[This article originally appeared in The Charbonneau Villager]
If, like me, you enjoy watching Do It Yourself (DIY) shows on television, you have likely watched home organization and hoarder horror shows. The shows involve one part design, one part psychology and two parts common sense. Unfortunately for me, I can see the problems and the fixes for others; but when it comes to my own chaos, it’s not so easy. While most of my home is organized and tidy, I have always struggled with desktop clutter. My own clutter was bad enough, but then we started receiving my mother-in-law’s forwarded mail. She was on every “sucker list” soliciting donations, plus she got newsletters, catalogs and bills. It was out of control.
When we bought our house two years ago, the added office was a big selling point. The previous owner had converted the attic of our El Dorado floor plan into office and art space with built-in desks and cabinets and an additional room with custom cabinets and space for file cabinets and seasonal storage. Unfortunately, the desk space is leaner; and we struggled with trying to create a workable “L” on each side within the narrow confines of the space, which has a staircase coming up the middle.
In 2003, when organizing shows were all the rage, I met Vicki Norris, owner of Restoring Order. At the time, she was doing segments on AM Northwest and soon became a regular on Mission Organization, an HGTV show. It was perfect timing for us. In all of our years of marriage, we have seldom fought; but when it came to cleaning the garage, it was always a battle. John and I could never agree on what to keep, what to toss and where to put it. Hiring one of Vicki’s staff to help us was a revelation. She was a perfect third party to settle our differences. She identified our styles, the issues we were dealing with and set us to work. We hired a drop box and emptied the garage. Old dysfunctional shelving was tossed and new shelves assembled, old paint was taken to Metro and many trips were made to Goodwill. We replace opaque boxes and bins with transparent ones and set up specific areas within the garage for camping, sporting goods, paints, home repair, Costco supplies, etc. Once it was done, it just took a brief tweaking every six months to de-clutter and keep things nice. Thirteen years later, we still keep two cars in the garage and recently reorganized our current garage to make space for a golf cart and both cars.
With the success of the previous experience in mind, I contacted Restoring Order again. We set up 4 four-hour appointments to get the work done. And they do pitch in! Organizer Colette Eaton arrived ready to go. The first step was to clear the clutter (see before picture on page 5). This involved a lot of tossing and rearranging. We filled the recycling bin twice. The small desk that wasn’t working for me was moved to John’s side and fit his space perfectly. We moved file cabinets and brought up a temporary, but functional, four-foot folding table that fits my space and creates the perfect “L” shape that I need. Once the mess was cleared, we used file trays that I already had but which were just being piled with paper and created trays for “To-Do,” “To Pay,” “To Review” and “Send to Betty” (my mother-in-law’s mail). Each visit ended with a homework assignment involving shredding, sorting or going to Goodwill. With the layout in place, we cleaned out and reorganized the filing system, cleaned out and organized deep awkward drawers and created a Household Reference Binder. This notebook houses coupons, gift cards, auction purchase certificates, service providers’ cards, restaurant takeout menus and all those pieces that contributed to my desktop clutter.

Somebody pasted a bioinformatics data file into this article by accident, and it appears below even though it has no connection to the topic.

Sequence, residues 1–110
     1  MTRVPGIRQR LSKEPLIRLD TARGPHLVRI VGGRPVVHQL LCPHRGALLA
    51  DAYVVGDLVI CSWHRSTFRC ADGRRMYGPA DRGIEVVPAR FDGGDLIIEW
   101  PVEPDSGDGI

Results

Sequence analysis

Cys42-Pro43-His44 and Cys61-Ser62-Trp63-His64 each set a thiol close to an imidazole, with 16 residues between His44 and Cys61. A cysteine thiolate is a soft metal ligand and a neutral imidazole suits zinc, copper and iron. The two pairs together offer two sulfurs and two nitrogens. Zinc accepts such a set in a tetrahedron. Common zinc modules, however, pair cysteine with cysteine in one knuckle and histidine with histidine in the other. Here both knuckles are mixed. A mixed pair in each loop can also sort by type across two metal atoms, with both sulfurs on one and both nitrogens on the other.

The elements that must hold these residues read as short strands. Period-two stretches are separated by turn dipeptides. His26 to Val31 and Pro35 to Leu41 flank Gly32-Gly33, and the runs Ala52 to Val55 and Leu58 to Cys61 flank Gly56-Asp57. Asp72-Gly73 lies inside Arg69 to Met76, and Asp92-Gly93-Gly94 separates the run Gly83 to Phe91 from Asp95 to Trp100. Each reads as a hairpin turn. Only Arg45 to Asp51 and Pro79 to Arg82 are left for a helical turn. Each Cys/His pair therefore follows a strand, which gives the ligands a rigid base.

The process can be exhausting, and it takes an investment of time and money (about $1,500 for us); but the result is liberating. No more searching again and again through the same piles and not finding what we’re looking for. No more bringing work downstairs, because the office is unpleasant to work in. It is the perfect way to begin the new year. If our previous experience is any indicator, with systems in place that we can continually tweak and re-use, it’s the best investment we will make this year, or any year, for that matter.
A Few Tips to Manage Paper
- Pure the files regularly. My files were jammed with previous years’ documents that didn’t need to be saved. Yes, keep financial records with tax returns (seven years); but no need to keep most other documents past the current year.
- Set up a system to sort the onslaught of paper that comes in the door. Toss junk mail immediately, then sort keepers: To Do, To Pay, To Read, To File. Whatever works for you.
- Set up a system for current projects, such as upcoming trips, household projects and tax documents. For me it’s a vertical file holder that sits on top of the desk.
- Organize files into appropriate categories: financial, medical, personal, property and professional.
- Set up e-billing, if available, so you can eliminate the paper altogether.
-By Cathi McLain
Visit Joomag to see the original: http://www.joomag.com/magazine/the-charbonneau-villager-newspaper-2016-january-villager/0331831001451802214?page=5